[jsr342-experts] Re: transactional interceptors vs. EJB

From: Bill Shannon <bill.shannon_at_oracle.com>
Date: Mon, 18 Mar 2013 15:56:07 -0700

Marina and I have had many discussions about this! :-)

Ideally, I would say that this is illegal, applications MUST NOT do this,
and products MUST detect this at deployment time and fail the deployment.


It's very late for this release, and it's not clear we can deal with all
the implementation issues related to detecting this at deployment time,
so, I'm expecting that we'll be more flexible, at least for this release.

I would propose changing "MUST" to "SHOULD" above, which conveys the
intent while allowing some flexibility.

We could argue about whether we should say this is "illegal" or
"not supported". I chose "illegal" because it more clearly conveyed
that applications shouldn't do this, and it more clearly conveyed
that the implementation could detect this and fail the application
in some way.

Does that seem acceptable?

Kevin Sutter wrote on 03/18/13 11:46:
> Hi Bill,
> Not sure how or if the EJB discussion on this topic comes back to the Java EE
> EG, but I had raised this question to Jeremy (the IBM rep for EJB):
>> ..that we should just tell developers to never do this, and add a special case
> to make this
> illegal.
> How will this detection be communicated to the end user?
> The conversation on the EJB EG is here:
> http://java.net/projects/ejb-spec/lists/jsr345-experts/archive/2013-03/message/58
> Maybe you and Marina have regular discussions, so this is not an issue. I just
> didn't want to lose track of this discussion. Thanks.
> ----------------------------------------------------------------------------------------------------------------------------------------------------------------
> Kevin Sutter, Java EE and Java Persistence API (JPA) architect
> mail: sutter_at_us.ibm.com, Kevin Sutter/Rochester/IBM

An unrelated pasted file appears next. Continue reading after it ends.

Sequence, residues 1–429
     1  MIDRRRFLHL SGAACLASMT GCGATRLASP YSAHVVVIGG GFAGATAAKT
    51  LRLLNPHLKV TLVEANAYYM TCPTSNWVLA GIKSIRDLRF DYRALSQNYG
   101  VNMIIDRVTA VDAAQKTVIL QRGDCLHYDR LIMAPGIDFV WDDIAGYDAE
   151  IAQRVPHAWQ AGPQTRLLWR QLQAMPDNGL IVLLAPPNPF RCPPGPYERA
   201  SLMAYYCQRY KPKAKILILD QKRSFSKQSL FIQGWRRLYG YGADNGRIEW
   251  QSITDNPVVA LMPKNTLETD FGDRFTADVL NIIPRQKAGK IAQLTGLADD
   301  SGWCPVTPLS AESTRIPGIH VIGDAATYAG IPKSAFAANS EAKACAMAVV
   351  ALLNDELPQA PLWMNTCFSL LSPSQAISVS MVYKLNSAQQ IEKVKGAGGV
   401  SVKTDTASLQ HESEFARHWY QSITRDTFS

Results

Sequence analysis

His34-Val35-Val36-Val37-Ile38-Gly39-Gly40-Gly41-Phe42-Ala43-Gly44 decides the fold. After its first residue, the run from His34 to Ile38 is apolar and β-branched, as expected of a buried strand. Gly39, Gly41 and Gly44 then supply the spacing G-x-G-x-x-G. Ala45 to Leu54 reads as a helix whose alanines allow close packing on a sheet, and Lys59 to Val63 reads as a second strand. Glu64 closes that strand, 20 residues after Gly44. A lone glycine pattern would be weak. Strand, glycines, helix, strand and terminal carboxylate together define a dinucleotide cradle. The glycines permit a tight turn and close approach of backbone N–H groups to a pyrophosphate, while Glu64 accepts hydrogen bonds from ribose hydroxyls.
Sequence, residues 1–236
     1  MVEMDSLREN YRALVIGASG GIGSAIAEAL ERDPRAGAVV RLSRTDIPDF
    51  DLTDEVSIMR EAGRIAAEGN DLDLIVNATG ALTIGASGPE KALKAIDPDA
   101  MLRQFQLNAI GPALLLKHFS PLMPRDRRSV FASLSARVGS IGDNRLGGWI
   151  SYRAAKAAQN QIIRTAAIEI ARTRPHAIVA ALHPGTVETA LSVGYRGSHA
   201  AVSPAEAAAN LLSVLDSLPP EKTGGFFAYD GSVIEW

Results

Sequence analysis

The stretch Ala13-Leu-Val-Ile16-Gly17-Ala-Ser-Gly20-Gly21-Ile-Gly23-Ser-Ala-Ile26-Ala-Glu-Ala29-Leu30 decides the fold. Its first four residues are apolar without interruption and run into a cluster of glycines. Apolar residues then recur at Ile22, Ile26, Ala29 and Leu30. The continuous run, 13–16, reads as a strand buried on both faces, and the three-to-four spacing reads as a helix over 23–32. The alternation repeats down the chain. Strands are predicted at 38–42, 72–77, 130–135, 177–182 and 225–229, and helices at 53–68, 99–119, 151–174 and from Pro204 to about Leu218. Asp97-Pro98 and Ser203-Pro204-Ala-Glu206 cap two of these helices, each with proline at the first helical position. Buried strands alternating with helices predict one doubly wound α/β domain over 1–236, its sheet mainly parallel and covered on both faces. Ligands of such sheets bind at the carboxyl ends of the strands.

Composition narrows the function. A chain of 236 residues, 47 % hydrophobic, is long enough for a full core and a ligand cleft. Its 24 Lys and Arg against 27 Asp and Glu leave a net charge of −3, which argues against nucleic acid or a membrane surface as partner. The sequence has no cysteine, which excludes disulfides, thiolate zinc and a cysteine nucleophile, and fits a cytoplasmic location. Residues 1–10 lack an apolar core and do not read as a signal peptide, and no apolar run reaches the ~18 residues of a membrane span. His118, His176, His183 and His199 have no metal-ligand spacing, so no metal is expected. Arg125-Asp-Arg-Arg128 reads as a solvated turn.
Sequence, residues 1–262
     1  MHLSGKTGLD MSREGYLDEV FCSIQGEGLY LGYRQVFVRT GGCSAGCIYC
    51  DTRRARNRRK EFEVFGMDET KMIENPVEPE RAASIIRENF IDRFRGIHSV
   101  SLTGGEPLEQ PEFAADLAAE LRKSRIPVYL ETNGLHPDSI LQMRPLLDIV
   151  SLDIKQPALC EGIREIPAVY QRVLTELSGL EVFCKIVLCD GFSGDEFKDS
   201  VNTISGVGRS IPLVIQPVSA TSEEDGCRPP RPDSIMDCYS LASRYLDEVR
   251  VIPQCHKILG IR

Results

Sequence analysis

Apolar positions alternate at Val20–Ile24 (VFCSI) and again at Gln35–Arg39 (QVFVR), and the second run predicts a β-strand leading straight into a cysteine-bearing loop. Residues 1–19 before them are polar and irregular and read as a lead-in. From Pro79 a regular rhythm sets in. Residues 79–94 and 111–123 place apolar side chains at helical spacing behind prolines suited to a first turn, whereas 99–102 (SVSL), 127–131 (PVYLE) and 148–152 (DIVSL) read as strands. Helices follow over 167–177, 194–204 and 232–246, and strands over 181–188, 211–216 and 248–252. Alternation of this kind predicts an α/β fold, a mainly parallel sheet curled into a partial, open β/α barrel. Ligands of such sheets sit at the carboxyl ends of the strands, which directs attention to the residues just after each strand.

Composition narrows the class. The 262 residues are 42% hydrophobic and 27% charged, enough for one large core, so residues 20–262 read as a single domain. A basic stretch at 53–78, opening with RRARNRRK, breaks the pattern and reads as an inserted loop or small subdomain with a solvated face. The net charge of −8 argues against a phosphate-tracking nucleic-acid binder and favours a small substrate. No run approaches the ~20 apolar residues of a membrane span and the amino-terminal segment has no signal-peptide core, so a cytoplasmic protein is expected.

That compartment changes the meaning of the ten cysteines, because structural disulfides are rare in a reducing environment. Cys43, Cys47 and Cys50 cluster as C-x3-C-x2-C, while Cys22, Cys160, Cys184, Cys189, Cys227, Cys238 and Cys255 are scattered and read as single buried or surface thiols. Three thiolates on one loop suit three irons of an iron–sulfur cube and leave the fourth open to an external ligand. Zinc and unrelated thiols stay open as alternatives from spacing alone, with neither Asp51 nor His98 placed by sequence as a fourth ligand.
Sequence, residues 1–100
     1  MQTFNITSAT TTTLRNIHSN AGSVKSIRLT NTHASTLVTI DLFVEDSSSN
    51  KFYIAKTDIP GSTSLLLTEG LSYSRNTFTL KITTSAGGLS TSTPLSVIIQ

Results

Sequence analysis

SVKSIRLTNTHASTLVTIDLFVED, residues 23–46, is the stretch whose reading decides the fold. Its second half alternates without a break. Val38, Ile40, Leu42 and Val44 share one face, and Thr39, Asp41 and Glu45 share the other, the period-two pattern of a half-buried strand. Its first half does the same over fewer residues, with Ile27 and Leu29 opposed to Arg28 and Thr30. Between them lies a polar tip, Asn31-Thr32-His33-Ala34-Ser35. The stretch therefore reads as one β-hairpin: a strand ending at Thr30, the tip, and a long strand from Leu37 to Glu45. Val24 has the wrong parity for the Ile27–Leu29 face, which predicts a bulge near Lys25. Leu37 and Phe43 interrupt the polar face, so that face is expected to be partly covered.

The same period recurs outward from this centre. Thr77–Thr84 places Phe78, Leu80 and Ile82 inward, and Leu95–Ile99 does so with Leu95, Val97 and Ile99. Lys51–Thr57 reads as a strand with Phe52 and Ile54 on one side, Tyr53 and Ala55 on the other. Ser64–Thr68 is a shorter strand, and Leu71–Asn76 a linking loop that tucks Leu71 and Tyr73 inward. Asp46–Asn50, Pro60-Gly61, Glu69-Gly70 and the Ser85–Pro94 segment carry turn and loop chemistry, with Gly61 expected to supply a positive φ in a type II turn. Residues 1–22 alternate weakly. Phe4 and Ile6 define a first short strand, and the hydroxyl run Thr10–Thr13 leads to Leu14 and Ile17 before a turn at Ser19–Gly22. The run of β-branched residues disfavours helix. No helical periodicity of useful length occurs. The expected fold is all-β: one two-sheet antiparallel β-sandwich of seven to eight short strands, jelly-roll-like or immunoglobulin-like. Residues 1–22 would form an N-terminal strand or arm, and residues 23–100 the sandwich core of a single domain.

> http://webspherepersistence.blogspot.com/
> phone: tl-553-3620 (office), 507-253-3620 (office)
> http://openjpa.apache.org/
> From: Bill Shannon <bill.shannon_at_oracle.com>
> To: jsr342-experts_at_javaee-spec.java.net,
> Date: 03/15/2013 07:46 PM
> Subject: [jsr342-experts] transactional interceptors vs. EJB
> --------------------------------------------------------------------------------
> The new @Transactional annotation in JTA is implemented as an
> interceptor. We didn't have to add any special support for
> transactional interceptors, we just used the general interceptor
> support in a specific way to provide this new capability.
> That's a good thing. Fewer special cases, more generality.
> The EJB spec first introduced the idea of interceptors, and we
> want interceptors of all kinds to continue to be usable with EJBs.
> Again, a good thing. General capabilities combined orthogonally.
> EJB already supports Container Managed Transactions, but there have
> been concerns about how CMT interacts with the new transactional
> interceptors that generalize this capability for all beans. We've
> specified how these capabilities work so that it makes their
> interaction well-defined, although it can be complex to understand
> exactly what happens in all cases. In many cases, the interaction is
> complex enough that most people will be better off never trying to use
> the new transactional interceptors with EJBs.
> Still, we've resisted making this illegal.
> After introducing new general capabilities that remove special cases,
> we didn't want to add a new special case. We didn't want people to
> believe that some kinds of interceptors can't be used with EJBs.
> And we didn't want platform implementors to fail to implement
> interceptor support for EJBs in a way that would prevent this, and
> potentially other, cases from working.
> As we've worked through more of the details of transactional
> interceptors, especially for lifecycle methods (see my earlier message
> to the expert group), we've had a change of heart.
> We're now convinced that the interactions between EJB CMT and transactional
> interceptors are subtle enough and complex enough that we should just
> tell developers to never do this, and add a special case to make this
> illegal.
> I know some of you will be happy with this result. :-)
> For others, remember that we always have the option of removing this
> restriction in a future release, if needed.
> Lacking any immediate negative feedback, we'll add this special case
> restriction to the EJB spec.
> Thanks.